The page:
BOE: Districts and Students Consider Appeal of Dismissal of Bacon Case

lhs1The attorneys for students and sixteen New Jersey school districts, including the Lakewood School District, are considering an appeal of the dismissal of its lawsuit which sought an additional $18.5 million in education funding and expanded preschool programs, the BOE told TLS today. Education Law Center represents the students and Millville attorney Fred Jacob is counsel to the school districts in the case.

The BOE stated: The latest complaint, filed before Judge Mary Jacobson in Mercer County, is an extension of a matter originally filed in 1998, named the “Bacon Litigation” for its lead Plaintiff, in which Lakewood and the other school districts claimed that the State’s funding to these districts was inadequate and did not allow the districts to provide a thorough and efficient education to their students as required by the New Jersey Constitution.  In 2006, the State Board of Education agreed with the Plaintiffs as did the Appellate Court in 2008 after the matter was appealed.  As a result, the Appellate Court sent the case to the Commissioner of Education to determine whether the newly enacted School Funding Reform Act (“SFRA”) provided the funding required to fix the constitutional violation.

In 2009, the State Education Commissioner issued “needs assessments” of each district and held that the SFRA would address the districts’ financial needs so as to improve the education for all students.  The State also provided additional funding to the Plaintiff school districts including Lakewood without cuts to courtesy bussing.  However, due to budget cuts and the economic climate at the time, the additional funding to the affected districts was eliminated in 2011.

The complaint filed by the students and districts in September of this year sought to enforce the Commissioner’s 2009 determination that funding under the SFRA formula provides a remedy for the inadequate funding found to exist by the State Board in 2006.  However, Judge Jacobson dismissed the case because she found that the “needs assessments” that were conducted by the Department of Education in each of the school districts did not contain language explicit enough to grant the funding relief sought by the Plaintiffs.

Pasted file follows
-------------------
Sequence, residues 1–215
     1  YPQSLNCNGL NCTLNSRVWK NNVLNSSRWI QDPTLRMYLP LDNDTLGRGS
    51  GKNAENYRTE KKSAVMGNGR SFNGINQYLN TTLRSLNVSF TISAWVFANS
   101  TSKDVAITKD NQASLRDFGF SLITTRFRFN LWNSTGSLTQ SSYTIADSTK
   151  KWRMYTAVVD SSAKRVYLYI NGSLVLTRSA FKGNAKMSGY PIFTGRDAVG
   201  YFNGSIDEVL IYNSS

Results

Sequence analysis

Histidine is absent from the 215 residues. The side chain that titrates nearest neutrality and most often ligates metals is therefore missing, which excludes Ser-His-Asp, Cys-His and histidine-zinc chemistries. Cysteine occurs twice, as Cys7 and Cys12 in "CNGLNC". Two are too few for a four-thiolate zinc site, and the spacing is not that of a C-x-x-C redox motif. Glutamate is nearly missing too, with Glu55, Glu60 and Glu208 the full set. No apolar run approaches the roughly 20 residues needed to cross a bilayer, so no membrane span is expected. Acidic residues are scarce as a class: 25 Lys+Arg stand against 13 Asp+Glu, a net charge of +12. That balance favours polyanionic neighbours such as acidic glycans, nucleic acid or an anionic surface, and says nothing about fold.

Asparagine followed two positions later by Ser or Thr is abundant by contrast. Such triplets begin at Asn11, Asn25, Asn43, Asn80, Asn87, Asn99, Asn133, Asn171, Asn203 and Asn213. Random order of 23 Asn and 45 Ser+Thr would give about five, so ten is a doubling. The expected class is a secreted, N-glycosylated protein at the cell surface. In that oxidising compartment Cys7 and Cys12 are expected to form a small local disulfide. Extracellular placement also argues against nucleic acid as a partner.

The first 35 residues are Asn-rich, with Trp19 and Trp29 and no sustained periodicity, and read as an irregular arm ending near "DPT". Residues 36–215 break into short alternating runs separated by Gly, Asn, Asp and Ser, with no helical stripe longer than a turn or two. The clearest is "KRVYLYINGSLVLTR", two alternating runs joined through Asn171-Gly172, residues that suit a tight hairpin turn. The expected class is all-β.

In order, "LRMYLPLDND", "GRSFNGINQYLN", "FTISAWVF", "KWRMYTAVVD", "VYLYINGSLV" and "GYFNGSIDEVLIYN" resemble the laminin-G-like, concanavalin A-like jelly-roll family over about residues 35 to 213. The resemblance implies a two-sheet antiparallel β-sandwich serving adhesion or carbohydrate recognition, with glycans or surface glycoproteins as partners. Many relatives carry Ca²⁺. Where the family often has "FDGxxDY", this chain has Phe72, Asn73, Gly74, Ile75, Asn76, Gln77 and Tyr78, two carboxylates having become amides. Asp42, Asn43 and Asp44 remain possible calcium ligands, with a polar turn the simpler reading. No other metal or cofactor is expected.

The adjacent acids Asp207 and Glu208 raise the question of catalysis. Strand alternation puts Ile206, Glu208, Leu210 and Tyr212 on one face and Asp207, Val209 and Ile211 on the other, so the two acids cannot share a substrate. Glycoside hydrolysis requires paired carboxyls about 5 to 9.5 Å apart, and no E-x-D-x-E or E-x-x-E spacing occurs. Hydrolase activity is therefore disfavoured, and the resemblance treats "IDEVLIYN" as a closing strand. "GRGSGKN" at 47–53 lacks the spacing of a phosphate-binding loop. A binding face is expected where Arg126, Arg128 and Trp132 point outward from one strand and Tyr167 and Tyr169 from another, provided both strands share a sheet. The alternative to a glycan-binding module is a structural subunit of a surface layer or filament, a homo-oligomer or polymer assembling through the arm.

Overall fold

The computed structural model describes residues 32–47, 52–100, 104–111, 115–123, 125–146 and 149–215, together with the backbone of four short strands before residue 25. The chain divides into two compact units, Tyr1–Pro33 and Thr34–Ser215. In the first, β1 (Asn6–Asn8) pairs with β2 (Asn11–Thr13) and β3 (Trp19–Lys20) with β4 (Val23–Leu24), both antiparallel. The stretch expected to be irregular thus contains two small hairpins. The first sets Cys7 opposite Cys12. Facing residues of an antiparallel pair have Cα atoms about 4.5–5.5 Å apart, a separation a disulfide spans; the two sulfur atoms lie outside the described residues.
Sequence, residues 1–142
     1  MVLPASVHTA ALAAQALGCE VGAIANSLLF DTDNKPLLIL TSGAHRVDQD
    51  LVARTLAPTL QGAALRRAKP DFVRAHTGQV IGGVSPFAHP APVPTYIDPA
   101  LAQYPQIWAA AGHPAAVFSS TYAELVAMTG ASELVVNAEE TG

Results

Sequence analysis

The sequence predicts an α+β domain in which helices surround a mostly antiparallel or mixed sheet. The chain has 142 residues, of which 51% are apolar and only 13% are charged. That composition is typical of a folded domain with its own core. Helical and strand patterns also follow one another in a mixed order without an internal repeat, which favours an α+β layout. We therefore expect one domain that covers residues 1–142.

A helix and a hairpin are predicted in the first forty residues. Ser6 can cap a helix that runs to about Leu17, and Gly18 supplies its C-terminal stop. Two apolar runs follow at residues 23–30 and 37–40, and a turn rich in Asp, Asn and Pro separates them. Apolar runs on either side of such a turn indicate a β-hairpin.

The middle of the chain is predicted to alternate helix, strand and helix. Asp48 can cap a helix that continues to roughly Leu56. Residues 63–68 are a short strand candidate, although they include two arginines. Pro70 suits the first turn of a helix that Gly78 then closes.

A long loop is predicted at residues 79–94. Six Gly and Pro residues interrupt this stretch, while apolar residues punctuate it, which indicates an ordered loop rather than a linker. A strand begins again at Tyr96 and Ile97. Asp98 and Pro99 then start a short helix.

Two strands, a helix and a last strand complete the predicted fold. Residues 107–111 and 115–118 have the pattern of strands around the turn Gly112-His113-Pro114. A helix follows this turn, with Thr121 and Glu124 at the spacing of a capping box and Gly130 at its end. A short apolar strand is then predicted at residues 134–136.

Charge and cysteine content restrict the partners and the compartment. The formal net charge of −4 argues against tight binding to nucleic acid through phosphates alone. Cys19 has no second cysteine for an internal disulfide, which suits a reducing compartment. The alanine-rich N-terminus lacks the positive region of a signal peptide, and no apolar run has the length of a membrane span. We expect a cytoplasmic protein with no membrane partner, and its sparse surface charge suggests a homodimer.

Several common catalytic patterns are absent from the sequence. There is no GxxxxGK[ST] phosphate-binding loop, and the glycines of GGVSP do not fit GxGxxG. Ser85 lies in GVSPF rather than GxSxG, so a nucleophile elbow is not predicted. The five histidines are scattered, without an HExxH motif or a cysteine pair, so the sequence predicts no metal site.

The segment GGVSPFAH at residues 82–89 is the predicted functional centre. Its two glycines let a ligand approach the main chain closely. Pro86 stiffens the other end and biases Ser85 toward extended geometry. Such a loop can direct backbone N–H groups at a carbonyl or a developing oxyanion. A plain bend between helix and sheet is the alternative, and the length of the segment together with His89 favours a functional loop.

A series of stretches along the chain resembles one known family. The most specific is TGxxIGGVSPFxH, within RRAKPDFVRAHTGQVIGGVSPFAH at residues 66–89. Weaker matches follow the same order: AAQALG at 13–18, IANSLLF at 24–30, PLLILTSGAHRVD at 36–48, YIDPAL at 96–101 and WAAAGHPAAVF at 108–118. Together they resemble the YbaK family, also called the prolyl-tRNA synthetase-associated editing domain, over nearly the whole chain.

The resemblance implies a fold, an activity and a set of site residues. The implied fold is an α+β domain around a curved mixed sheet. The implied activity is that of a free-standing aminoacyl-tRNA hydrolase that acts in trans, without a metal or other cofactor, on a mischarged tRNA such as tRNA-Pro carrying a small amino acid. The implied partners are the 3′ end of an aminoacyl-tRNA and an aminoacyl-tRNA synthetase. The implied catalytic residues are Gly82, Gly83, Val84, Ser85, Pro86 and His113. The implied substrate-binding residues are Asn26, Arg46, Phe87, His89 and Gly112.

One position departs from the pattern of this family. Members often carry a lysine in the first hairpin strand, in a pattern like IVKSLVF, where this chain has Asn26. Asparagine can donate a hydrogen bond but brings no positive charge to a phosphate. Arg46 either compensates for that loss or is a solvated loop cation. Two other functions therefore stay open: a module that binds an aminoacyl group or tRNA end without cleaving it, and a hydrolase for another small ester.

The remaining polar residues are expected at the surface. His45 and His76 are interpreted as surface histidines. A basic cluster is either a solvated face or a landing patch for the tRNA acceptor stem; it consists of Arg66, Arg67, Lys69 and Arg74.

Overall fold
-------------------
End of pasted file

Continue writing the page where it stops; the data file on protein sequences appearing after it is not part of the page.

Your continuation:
According to Education Law Center, “Judge Jacobson’s decision was technical, rather than substantive, in nature.  It was based on court rules, and she made no finding based on the underlying issues. However, she was unwilling to grant the relief requested through a summary proceeding, without a record of what has happened in [the] districts since the 2009 needs assessment.”  ELC also noted that the 2009 needs assessments did not require Lakewood to give up courtesy bussing in order to obtain funding relief in the Bacon litigation.  In fact, the needs assessment did not make receipt of funding contingent on this or any other issue.



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  1. I offer a correction to this article with a quote from the NJ Supreme Court to prove that Lakewood did not get extra funding because of Bacon. Every district in NJ, from Abbott or Bacon to even the lighthouse DFG J districts, got full SFRA funding in 2009 and 2010.

    “We granted the State relief from those remedial [court] orders that bound it to the parity [to lighthouse district spending] remedy for the pupils from Abbott districts, and authorized the State to implement in Abbott districts SFRA’s level of funding. It is now undisputed that the State has failed to fully fund SFRA in Fiscal Year (FY) 2011.” Abbott XXI (2011).

    The full funding in 2009 and 2010 had nothing to do with Abbott or Bacon. When the SFRA was not fully funded in 2011 the ELC went back to court in Abbott XXI and in Bacon to get funding for its plaintiffs’ districts over and above the lower funding provided to all other districts. It won in Abbott.

  2. I emailed the superintendent on March 31, 2008:

    “I think we have a good case. I was in contact with xxxx at the Education Law Center in Newark. She thought we had a good case. They are the group that brought the Abbott case. Although a school funding case could take years, it is worth a try. In my opinion (and I think a lot of people agree), inadequate state funding is the main financial problem we have.”

    We all thought that Lakewood lost in Bacon.

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